Surrounds and Fronts Weak Using Pro-Logic with TV

Discussion in 'Archived Threads 2001-2004' started by Jeff Barnett, Dec 2, 2001.

  1. Jeff Barnett

    Jeff Barnett Extra

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    First off, heres my setup

    Panasonic Tau 27" TV

    Pioneer VSX-D509S Receiver

    My surround setup works great with DVDs and true 5.1/DTS, but when I turn the receiver to the TV input, it seems all I get is the center channel and a little bit of subwoofer. The fronts and surrounds are outputting, just not very much. The only way I can get them to have any presence is to set the receiver to stereo mode (L&R only), which doesn't really sound good to me. Whenever ProLogic is engaged (my best option with standard cable TV) the fronts and surrounds just fade away. I don't want to reset the channel levels on the receiver, because that will mess up the great sound I have with DVDs. Is there a possibility I don't have something engaged on the TV that should be? Is there a receiver setting I can try? Any help is greatly appreciated.

    Jeff
     
  2. Greg Robertson

    Greg Robertson Stunt Coordinator

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    Have you verified if your tv is outputting stereo or mono signals. I know on my sony, there's a remote button that changes from mono to stereo to SAP. That sounds kinda like what happens when you feed a mono signal to a pro-logic decoder.
     
  3. Jeff Barnett

    Jeff Barnett Extra

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    The TV is set to stereo, thats all I can vouch for. The choices there are just like your Sony, and of the three, it is set to stereo.

    BTW, I just chekced again, and the surrounds have NO output.

    Thoughts?
     
  4. Luke_Y

    Luke_Y Second Unit

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    Jeff, I'll explain what hapened to me as you may be having the same problem.

    At one point the way my system was set up I had the cable hooked up to the TV via the coax out of the cable box. That way when I just wanted to watch news ect. I wouldn't have to power up the rest of the system, I could just listen through the TV speakers.

    Well on my TV when you push the button on the remote for the "display" it would show the chan and also indicate "ST" for when it was receiving a stereo signal.

    Well one day I noticed the "ST" was gone. I called and a cable guy came out and showed me how to use a setting in one of the cable box setup menus to "match the volume with my TV" and what do you know the "ST" was back and I was geting a stereo signal again. This occured once again when the digital cable box "updated" and reset, the setup menu was now GONE with the new update so I couldn't make the fix. I called and was told the setup menu was no longer required- go figure.

    Anyway I digress, my point is my receiver was not affected by this becuase I was using the RCA audio outputs direct from the cable box into the receiver for watching TV through the system.

    If I had been using the RCA audio out from my TV into my receiver I would have lost stereo signal to the receiver as well when I lost it to the TV. IE no stereo signal into the TV on the coax input--no stereo signal out of the TV to the receiver via the RCA audio outs on the TV.

    I dont know why the stereo signal out of the cable box was only affected on the coax out and not the RCA audio out.

    Hope this might help you some.
     
  5. Chuck Kent

    Chuck Kent Supporting Actor

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    Even if a TV is getting a stereo signal, the Pro Logic decoder (no matter whether it's original DPL or the newer DPL II) is only as good as the signal that's fed to it.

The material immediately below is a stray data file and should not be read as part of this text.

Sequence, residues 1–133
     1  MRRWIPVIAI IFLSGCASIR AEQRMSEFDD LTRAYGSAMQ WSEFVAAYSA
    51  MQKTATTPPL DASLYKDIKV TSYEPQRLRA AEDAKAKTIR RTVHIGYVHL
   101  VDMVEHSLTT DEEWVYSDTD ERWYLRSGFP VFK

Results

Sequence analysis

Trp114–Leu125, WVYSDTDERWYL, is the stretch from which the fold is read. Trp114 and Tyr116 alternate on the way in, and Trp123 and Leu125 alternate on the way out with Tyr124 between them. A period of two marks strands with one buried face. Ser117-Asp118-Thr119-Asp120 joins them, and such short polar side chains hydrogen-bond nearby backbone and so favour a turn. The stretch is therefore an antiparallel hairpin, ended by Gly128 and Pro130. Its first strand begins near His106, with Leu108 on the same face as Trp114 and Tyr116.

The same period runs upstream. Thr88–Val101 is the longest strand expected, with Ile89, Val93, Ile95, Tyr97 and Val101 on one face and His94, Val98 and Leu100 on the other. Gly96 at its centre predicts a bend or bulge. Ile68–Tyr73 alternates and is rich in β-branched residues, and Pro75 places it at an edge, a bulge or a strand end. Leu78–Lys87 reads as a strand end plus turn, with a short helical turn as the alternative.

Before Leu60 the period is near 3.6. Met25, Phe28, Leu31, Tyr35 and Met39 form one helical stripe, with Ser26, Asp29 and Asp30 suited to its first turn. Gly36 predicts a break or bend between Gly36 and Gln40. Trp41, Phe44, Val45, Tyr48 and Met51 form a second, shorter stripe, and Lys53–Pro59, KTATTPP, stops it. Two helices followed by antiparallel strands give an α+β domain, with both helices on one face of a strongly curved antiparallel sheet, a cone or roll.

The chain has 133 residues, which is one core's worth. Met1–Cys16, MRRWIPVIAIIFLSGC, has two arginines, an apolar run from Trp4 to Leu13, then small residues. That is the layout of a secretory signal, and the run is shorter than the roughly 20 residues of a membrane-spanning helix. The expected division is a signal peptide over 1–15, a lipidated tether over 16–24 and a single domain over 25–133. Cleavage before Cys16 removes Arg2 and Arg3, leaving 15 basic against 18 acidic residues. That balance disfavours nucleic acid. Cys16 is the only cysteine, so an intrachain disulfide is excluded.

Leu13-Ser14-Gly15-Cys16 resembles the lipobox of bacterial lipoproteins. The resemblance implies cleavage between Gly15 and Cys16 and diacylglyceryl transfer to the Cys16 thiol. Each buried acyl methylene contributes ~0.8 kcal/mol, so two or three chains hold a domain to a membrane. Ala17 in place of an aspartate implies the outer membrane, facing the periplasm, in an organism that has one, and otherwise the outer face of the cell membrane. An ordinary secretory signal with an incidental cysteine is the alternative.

IOW, if the original signal has little or no separation, or if the TV's stereo decoder is not doing the best job at creating the separation that's in the program, then the result is quite often not much better than plain old mono.

    In my system, I seldom use the TV as the tuner source. I have found that VCR tuners seem to offer better separation and have lower background noise.
     
  6. MarkO

    MarkO Second Unit

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    Chuck has a point.I used to have the same problem with my Television brodcasts. Eveything seemed to migrate to the center channel. What was surprising was after I upgraded my reciever, (a pre/pro in my case), the seperation between channels was greatly improved. Im not saying you have to have a pre/pro or spend big bucks to get the improvement, but what is possible is that some prologic decoders are better than others and may dig a little deeper into the signal to get the added seperation in a low quality signal that some Television tunners put out.
     
  7. Jeff Barnett

    Jeff Barnett Extra

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    Those are some interesting points. I too would like to be able to use the TV speakers sometimes, and run it through the receiver sometimes, but I don't use a cable box. Also, the TV will only output audio when the TV speakers are turned off. Anyway, that is another quam in itself.

    I don't really know how to check the quality of the stereo signal in and out of the TV, which would eliminate the receiver as the source of the problem, if it is. I might try running it through the VCR, although I don't really want to stick with that because then I would have to operate 3 separate devices just to watch TV in DPL. That might tell me what the problem is, though. I run my coax from the wall to a splitter, with each output of the splitter going to the TV and VCR respectively. Could the splitter be my problem?

    Update: I checked the surrounds last night after turning on the "loudness" feature of my receiver, and there was SOME output. The speakers sounded fine, the volume was just insanely low compared to the center channel. I'm still perplexed, and it looks like it will be a hassle to get it the way I want it.
     
  8. John Royster

    John Royster Screenwriter

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    I was under the impression that prologic is only good if you are listening to a prologic source. If the two channel sound is not encoded with prologic information then what good is the decoder doing? guessing?